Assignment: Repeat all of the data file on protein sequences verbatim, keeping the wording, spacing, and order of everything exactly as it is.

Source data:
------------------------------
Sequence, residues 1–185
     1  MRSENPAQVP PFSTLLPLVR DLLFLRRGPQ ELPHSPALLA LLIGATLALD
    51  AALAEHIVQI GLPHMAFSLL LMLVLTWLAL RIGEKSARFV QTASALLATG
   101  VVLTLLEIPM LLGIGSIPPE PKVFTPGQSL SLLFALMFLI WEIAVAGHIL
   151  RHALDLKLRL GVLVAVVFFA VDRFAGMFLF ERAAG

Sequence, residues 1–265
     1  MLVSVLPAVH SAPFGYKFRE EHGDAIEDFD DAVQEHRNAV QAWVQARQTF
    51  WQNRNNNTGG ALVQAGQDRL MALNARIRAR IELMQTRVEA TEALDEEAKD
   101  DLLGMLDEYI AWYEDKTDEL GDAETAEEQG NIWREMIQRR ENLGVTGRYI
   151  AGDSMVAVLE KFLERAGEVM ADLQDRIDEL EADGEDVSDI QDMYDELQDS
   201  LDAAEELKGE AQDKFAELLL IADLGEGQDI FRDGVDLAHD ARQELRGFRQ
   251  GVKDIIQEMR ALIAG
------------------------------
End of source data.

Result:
Sequence, residues 1–185
     1  MRSENPAQVP PFSTLLPLVR DLLFLRRGPQ ELPHSPALLA LLIGATLALD
    51  AALAEHIVQI GLPHMAFSLL LMLVLTWLAL RIGEKSARFV QTASALLATG
   101  VVLTLLEIPM LLGIGSIPPE PKVFTPGQSL SLLFALMFLI WEIAVAGHIL
   151  RHALDLKLRL GVLVAVVFFA VDRFAGMFLF ERAAG

Sequence, residues 1–265
     1  MLVSVLPAVH SAPFGYKFRE EHGDAIEDFD DAVQEHRNAV QAWVQARQTF
    51  WQNRNNNTGG ALVQAGQDRL MALNARIRAR IELMQTRVEA TEALDEEAKD
   101  DLLGMLDEYI AWYEDKTDEL GDAETAEEQG NIWREMIQRR ENLGVTGRYI
   151  AGDSMVAVLE KFLERAGEVM ADLQDRIDEL EADGEDVSDI QDMYDELQDS
   201  LDAAEELKGE AQDKFAELLL IADLGEGQDI FRDGVDLAHD ARQELRGFRQ
   251  GVKDIIQEMR ALIAG